I believe—and when I say believe, I mean not just “intellectually assent to,” but “feel in my body and spirit to be true”—that the same forces that confused Marc Benioff into thinking that funding a study was an appropriate response to the devastation currently being wrought in San Francisco, in no small part due to the arrival of tech companies such as his own, have also been at work in me. Those forces have been at work in me.

Having gone through the U.S. education system, including higher education at an institution not that different from the one doing the study; having been taught to value people according to how they have assimilated to the culture of those institutions; having been born a white woman in America at a time when white women were just becoming professionally ”successful” by cooperating with white supremacist patriarchal rules; having been steeped in the assumption that economically stable people must in some way be smarter and morally superior to those who are living in poverty; having been taught to fear poor people and associate them with criminality, I feel as if I can understand where Benioff is coming from. How do we solve the problem of these poor people (because clearly they are the problem)? Let’s do a study! (To my poor, disabled, colonized chosen family: I know these messages are ugly and hurtful and wrong. It’s time those of us who have benefited from them begin to tell the truth about them.)

I have been steeped in these assumptions. And hear this: They have drained the life out of me.

They have encouraged me to separate myself from the vast majority of the human family. They have done their utmost to get me to dress, talk, think, write, walk, and (not) dance in a way that has separated me from my body, from God, and from the whole living ecosystem of which we are meant to be a part, all in exchange for something they call “success.” My existence has been a pale shadow of what it could be, a walking death, a zombie half-life.

Many of us are zombies without knowing it, having never known there could be more to life. That’s not to say we don’t have privileges. We have them in spades, and that’s why it’s been so hard to realize we are actually dead.

Yesterday, after the police cleared the lobby of everyone who could not risk arrest, you all were outside the glass, and we three zombies were inside with the Salesforce employees and police, and it felt so utterly appropriate—everyone neatly sorted.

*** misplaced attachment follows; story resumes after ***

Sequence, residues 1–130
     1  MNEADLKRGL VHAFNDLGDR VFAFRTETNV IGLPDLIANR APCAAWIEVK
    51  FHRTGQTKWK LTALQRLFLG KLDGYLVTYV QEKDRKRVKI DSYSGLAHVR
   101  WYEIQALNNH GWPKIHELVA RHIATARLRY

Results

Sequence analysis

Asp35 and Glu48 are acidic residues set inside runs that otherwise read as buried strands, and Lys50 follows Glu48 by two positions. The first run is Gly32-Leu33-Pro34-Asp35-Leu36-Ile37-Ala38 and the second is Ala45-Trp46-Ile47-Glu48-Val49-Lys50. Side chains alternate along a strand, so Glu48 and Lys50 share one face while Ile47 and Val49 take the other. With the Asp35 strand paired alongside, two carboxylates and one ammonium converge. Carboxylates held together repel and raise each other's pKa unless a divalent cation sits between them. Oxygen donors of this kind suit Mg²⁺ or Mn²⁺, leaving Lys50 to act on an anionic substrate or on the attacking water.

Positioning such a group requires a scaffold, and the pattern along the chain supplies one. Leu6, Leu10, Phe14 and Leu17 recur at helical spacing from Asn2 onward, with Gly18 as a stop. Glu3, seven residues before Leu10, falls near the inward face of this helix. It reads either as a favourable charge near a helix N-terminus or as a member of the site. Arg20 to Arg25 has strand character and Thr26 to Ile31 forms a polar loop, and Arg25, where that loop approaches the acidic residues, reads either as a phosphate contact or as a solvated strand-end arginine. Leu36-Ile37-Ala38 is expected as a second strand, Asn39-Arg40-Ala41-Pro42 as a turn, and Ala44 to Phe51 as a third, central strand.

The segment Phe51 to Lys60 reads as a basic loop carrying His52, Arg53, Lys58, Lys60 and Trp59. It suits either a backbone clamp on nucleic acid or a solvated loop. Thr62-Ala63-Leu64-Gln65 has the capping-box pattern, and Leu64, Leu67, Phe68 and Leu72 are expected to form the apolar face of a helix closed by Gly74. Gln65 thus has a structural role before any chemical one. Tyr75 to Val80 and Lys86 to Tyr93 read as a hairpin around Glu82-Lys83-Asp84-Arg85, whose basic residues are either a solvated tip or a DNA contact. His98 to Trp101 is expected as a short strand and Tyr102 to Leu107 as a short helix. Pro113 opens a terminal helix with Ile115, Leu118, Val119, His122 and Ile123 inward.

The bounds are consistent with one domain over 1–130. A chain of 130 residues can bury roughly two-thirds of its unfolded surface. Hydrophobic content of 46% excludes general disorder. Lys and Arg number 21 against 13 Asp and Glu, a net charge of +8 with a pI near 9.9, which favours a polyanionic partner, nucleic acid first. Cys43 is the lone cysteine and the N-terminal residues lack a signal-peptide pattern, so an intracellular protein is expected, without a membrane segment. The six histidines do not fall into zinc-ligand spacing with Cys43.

But then you all started to sing and dance just outside the glass doors, inventing on the spot new riffs: “Come on, Ben, just slide that card,” and “Oh Ben, make it rain,” and “We all deserve a home,” and “No more gentrification! Redistribution!” You all were singing and clapping and inventing new dance moves to accompany the evolving lyrics, and it was so freaking contagious that we three zombies were dancing, clapping, and singing along inside the tent we had pitched in the lobby—right there, surrounded by police in a locked down space. It was fucking joyful. You did that. You enabled us to be that alive in that moment. I think the Salesforce people and police felt it, too.

I want that for myself. I want to be with you all.

I want it for my white, working, middle and owning class, sometimes formally educated friends and family members.

Hell, I want it for Marc Benioff.

I want us to be one human family.

And that is no easy thing because some of us are zombies. We have zombie desires and confusions and hungers and ways, and that makes us dangerous to human beings. We are conditioned to join the zombie death march that brings with it innumerable financial and social benefits. In the interest of “helping,” we sometimes try to encourage others to become more like us, to join that zombie death march.

My prayer is that by humbly casting our lot with you all, by redistributing wealth, by listening to you and following your lead, by leveraging privilege in strategic ways, we can unlearn our zombie ways and become less dangerous to you and to all of life on this planet (because right now we are well on our way to killing all of it). It’s risky, this coming together—more to you than to me—and even so, I am often scared: scared of being called out, scared of being seen as the zombie that in many ways I still am. I am committed to trying to walk this path (in the opposite direction of the zombie death march) with as much humility and courage and love as I can. I hope so many others will join me.